US assessing impact of terror money trail leak
By Caroline Drees, Security Correspondent
WASHINGTON (Reuters) – The disclosure of a secret U.S.
program to monitor bank transfers will logically hurt efforts
to track terrorism finance, although it is too soon to know the
actual impact, a senior U.S. official said on Tuesday.
President Bush and other top officials have condemned
reports on the secret program by The New York Times and other
papers last month, saying they undermined efforts to fight
terrorism. Bush called the disclosure “disgraceful.” Some
lawmakers have called it treason.
Stuart Levey, Treasury undersecretary for terrorism and
financial intelligence, said the program’s exposure was “a
grave loss” to efforts to fight al Qaeda and other militants,
but acknowledged the effect was not yet apparent because of a
time lag in obtaining the classified information.
“We haven’t seen the result (of the disclosure) yet because
the data that we’re accessing right now was data that was
created before the news stories,” Levey told a House of
Representatives financial services subcommittee hearing.
He said it was a “matter of logic” that the publication
would harm the efforts to follow the money trail of militants,
which he said continued to provide concrete leads every day.
“I am hopeful that we will still have some value from the
program and we intend to continue with it,” he said, adding it
remained to be seen if the leak had made the system defunct.
For nearly five years since the September 11 attacks, the
Treasury has been tapping into records of the Society for
Worldwide Interbank Financial Telecommunications (SWIFT) for
evidence of potential activity by militant groups.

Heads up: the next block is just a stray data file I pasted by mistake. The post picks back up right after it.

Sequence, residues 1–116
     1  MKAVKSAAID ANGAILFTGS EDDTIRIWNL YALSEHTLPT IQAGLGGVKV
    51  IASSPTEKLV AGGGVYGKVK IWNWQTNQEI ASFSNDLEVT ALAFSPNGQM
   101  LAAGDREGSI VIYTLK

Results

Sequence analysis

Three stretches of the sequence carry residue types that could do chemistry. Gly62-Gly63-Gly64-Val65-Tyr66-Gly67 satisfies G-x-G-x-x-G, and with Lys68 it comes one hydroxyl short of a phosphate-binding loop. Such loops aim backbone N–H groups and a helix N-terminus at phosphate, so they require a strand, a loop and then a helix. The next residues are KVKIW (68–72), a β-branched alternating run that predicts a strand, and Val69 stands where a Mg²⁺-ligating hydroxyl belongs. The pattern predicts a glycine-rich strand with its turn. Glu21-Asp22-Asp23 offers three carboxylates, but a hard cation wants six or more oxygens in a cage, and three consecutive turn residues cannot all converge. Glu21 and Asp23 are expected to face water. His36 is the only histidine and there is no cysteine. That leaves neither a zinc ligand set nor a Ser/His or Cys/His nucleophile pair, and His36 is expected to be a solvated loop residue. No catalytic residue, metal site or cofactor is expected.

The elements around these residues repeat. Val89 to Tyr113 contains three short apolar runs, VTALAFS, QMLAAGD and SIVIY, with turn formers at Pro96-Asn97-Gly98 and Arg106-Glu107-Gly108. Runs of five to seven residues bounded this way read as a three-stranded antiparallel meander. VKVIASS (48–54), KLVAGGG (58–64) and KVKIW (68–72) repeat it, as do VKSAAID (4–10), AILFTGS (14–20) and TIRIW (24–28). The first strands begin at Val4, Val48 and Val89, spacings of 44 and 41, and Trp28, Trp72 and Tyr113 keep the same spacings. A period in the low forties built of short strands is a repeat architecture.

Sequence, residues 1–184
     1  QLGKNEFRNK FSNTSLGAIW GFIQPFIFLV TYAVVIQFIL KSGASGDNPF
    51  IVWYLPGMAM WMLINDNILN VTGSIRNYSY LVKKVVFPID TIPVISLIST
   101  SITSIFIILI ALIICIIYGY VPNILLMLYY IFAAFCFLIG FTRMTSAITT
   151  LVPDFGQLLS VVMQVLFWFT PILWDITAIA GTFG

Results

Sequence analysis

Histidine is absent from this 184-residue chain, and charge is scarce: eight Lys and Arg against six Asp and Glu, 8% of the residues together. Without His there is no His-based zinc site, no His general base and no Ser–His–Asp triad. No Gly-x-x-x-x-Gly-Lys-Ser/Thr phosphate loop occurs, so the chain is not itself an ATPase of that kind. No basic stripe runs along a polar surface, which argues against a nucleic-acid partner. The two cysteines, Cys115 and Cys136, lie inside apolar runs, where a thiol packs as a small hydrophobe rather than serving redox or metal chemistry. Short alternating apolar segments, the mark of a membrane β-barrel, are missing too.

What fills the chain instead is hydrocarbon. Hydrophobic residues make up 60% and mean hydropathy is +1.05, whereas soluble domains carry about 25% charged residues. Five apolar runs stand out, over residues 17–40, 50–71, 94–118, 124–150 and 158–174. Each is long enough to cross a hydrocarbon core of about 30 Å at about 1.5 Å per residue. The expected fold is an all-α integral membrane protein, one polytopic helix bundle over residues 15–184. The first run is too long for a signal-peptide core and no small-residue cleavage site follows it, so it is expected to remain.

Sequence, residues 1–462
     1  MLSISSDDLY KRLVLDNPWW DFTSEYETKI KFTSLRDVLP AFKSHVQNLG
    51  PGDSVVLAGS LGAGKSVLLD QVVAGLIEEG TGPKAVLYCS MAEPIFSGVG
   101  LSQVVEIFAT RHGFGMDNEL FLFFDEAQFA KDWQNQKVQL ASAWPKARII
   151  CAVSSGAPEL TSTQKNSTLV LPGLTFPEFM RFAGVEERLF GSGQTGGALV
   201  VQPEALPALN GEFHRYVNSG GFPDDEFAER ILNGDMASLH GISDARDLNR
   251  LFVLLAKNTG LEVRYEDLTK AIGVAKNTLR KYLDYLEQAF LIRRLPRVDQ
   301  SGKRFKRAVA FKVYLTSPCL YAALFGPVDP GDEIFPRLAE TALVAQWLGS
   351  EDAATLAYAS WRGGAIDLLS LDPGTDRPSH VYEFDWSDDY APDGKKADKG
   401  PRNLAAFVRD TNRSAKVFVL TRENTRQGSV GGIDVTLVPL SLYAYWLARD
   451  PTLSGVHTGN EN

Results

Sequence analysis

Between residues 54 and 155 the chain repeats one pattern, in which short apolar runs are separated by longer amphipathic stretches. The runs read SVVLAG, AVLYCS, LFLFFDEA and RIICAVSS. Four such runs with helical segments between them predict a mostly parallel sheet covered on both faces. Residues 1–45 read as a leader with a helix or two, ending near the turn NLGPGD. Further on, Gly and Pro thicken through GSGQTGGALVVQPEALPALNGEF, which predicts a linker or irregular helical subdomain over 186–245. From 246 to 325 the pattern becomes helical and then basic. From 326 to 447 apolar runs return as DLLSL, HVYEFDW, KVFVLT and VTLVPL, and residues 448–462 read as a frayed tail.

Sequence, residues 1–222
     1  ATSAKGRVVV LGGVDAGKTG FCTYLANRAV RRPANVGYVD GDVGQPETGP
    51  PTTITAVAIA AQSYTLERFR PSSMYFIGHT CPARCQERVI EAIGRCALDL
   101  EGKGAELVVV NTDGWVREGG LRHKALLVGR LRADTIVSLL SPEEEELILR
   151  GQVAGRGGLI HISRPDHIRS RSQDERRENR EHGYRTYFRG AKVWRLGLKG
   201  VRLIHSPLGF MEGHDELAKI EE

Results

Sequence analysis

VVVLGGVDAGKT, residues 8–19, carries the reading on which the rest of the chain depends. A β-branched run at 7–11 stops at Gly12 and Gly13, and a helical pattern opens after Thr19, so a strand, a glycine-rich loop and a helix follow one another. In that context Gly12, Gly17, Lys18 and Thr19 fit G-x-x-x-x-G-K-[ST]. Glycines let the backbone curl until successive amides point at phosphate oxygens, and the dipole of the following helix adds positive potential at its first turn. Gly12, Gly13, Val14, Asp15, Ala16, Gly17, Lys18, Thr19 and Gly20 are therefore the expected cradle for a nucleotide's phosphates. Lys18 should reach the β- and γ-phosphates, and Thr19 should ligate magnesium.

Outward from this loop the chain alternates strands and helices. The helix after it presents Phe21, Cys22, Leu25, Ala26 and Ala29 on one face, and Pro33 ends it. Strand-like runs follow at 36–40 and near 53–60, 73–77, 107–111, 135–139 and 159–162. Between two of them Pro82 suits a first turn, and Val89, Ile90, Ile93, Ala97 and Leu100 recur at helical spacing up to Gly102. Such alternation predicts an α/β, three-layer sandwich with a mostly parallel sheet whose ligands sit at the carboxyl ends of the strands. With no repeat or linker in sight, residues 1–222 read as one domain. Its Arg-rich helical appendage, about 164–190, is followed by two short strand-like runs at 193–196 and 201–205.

U.S. officials have defended the program, saying it was
legal, effective and adequately supervised to avoid abuse.
Levey said that among the safeguards in place were the need
for a subpoena to get the records; limits on data searches
which require a specific link to a terrorism investigation; the
ability of SWIFT representatives to monitor the searches in
real time and stop one if they have concerns; and the
collection of records on each search that is conducted.
He said top members of the congressional intelligence
committees as well as the central banks of the Group of 10
major industrialized countries were briefed.
But several Republican and Democratic lawmakers at the
hearing said Congress had not been kept in the loop.
Rep. Barney Frank, a Massachusetts Democrat, said that of
the 28 House members who were briefed on the program, 23 were
briefed only after the administration knew the program was
about to be made public by the papers.
“Many in Congress who should have been briefed by this
administration were not,” said Rep. Sue Kelly, a New York
Republican who chairs the subcommittee on oversight and
investigations which conducted the hearing.
She said she asked the Government Accountability Office,
the investigative arm of Congress, on Tuesday to look into the
program to “ensure that it was indeed conducted in accordance
with all proper laws, that it does possess all necessary
safeguards and that Congress was appropriately informed.”